Indirect Communication: Depending on the relationship one has with the other person, communication can either be direct or indirect. South Sudanese tend to give indirect answers to personal inquiries when conversing with strangers or acquaintances in order to maintain their privacy. Closer friends are often more honest about their beliefs. But generally speaking, South Sudanese don't express their feelings all that much. For instance, it is rare that you will be informed right away if you upset someone. Instead, individuals typically use a tactful strategy to express their concerns by gradually ignoring the offender and ceasing to see them.


South Sudanese humor mostly consists of narration and jokes about current events. It's frequently called cheeky. There is, however, usually agreement that there is a proper time and location for it. For instance, it is wrong to use humor to make a serious situation more amusing. Furthermore, making jokes about elderly people is not always appropriate. When surrounded by others of their own gender, men and women tend to joke around more. It is best to avoid using sarcasm since South Sudanese have a tendency to misinterpret it and interpret it literally.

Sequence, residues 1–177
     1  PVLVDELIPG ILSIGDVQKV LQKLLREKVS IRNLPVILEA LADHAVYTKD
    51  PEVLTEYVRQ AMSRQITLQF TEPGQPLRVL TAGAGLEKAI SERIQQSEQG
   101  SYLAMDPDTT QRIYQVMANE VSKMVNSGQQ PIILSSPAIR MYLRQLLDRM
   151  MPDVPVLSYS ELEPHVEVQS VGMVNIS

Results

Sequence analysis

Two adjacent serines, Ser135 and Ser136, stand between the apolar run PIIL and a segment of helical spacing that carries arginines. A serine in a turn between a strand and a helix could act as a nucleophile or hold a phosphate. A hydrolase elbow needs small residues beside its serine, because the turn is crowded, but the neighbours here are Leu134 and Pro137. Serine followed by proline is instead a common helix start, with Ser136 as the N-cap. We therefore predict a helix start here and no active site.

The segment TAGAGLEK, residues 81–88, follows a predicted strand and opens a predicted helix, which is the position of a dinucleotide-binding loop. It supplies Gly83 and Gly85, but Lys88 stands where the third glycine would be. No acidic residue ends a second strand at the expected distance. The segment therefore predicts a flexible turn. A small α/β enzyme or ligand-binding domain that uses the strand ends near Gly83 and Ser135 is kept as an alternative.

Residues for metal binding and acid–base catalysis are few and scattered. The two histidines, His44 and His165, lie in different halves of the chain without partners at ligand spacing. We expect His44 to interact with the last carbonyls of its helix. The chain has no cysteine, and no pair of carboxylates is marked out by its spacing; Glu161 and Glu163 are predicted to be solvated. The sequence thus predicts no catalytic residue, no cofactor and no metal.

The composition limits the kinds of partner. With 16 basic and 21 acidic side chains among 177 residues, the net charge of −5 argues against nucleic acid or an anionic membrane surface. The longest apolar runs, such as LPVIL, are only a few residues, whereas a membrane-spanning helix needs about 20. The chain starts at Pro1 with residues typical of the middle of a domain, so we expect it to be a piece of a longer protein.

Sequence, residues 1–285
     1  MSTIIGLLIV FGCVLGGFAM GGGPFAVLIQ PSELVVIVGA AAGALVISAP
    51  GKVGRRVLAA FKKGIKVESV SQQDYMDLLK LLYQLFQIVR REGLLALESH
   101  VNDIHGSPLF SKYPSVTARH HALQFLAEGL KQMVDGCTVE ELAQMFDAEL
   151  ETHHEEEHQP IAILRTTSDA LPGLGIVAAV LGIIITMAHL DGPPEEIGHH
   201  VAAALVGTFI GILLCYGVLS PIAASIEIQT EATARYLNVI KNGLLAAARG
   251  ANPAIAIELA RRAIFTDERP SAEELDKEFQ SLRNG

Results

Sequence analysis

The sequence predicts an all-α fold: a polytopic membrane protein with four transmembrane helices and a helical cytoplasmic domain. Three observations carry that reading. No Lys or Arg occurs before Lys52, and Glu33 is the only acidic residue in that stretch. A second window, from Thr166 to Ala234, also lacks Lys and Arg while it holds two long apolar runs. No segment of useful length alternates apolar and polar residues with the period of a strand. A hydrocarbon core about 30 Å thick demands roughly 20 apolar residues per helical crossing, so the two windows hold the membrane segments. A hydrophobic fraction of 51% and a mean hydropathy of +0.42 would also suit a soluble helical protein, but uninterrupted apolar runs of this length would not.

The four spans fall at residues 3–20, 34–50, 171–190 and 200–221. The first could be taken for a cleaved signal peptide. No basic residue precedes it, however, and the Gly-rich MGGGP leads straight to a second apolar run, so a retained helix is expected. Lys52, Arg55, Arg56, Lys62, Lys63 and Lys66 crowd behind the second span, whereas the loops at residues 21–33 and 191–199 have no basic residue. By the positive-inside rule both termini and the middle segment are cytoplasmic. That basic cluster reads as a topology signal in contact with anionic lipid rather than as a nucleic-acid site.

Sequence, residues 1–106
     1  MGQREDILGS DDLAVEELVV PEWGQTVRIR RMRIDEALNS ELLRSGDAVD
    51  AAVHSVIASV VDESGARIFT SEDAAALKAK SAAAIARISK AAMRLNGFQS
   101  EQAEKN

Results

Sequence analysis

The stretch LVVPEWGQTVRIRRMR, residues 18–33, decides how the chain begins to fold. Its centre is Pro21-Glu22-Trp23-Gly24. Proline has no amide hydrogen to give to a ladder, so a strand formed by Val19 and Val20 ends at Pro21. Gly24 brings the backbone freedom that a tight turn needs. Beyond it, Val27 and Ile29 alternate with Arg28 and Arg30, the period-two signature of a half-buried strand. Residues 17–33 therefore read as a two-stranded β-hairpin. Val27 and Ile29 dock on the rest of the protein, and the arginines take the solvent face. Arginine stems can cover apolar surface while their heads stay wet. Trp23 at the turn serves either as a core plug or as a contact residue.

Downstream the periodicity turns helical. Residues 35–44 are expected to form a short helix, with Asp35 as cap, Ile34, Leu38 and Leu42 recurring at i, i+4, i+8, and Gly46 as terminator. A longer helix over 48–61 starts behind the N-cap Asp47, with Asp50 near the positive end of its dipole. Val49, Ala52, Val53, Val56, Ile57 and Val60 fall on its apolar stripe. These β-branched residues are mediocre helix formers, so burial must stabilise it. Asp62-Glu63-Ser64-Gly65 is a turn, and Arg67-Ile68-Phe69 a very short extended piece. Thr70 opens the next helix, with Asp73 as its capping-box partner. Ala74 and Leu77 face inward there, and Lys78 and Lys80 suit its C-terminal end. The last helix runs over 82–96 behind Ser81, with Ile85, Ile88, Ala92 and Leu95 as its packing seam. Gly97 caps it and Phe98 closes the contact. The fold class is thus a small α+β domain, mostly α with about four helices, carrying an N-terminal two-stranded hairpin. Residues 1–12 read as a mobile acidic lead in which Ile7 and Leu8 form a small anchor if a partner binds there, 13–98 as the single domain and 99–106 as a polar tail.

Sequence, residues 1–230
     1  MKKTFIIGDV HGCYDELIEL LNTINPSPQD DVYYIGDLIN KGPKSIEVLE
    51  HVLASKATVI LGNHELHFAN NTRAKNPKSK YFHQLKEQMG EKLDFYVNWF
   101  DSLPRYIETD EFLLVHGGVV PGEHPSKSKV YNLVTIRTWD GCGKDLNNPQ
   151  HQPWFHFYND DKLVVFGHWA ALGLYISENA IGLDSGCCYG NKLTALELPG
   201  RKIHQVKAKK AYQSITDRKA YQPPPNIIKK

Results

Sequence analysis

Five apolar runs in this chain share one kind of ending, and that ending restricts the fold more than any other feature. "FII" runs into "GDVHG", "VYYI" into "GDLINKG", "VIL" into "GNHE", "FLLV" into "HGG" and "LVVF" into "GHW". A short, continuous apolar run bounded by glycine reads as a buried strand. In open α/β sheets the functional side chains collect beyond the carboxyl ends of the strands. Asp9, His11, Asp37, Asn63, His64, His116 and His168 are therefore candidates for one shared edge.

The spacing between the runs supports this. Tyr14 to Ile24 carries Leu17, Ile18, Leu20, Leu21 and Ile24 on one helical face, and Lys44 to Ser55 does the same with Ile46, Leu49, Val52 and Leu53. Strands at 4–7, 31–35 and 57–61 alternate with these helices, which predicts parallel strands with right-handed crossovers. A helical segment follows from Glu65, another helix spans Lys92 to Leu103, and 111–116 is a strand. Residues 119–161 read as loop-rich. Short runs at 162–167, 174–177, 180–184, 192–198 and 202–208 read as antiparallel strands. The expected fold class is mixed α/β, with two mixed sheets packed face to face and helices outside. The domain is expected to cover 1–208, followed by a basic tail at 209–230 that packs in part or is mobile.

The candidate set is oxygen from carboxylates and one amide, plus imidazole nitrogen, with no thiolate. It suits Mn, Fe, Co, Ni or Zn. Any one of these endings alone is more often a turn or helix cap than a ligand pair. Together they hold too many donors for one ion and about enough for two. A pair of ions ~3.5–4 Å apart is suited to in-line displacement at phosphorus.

Swearing: South Sudanese communities seldom ever use profanity. If youth are seen using vulgar language, they are typically severely chastised. When someone curses, it's typically taken to mean that a fight is about to break out.

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Visiting Etiquette

Building and healing relationships among friends and family members depend greatly on social visiting and entertaining. If someone does not visit them for a long time, the Sudanese may find it offensive. In South Sudan, people may visit without invitation or notice—especially children. However, people make plans in advance if the visit will last more than a few days.


Bringing a tiny gift when your visit is a kind gesture. Additionally, you can provide presents for any resident youngsters. Before entering someone's home, take off your shoes. Prior to introducing yourself to other guests, it's customary to greet the man of the house.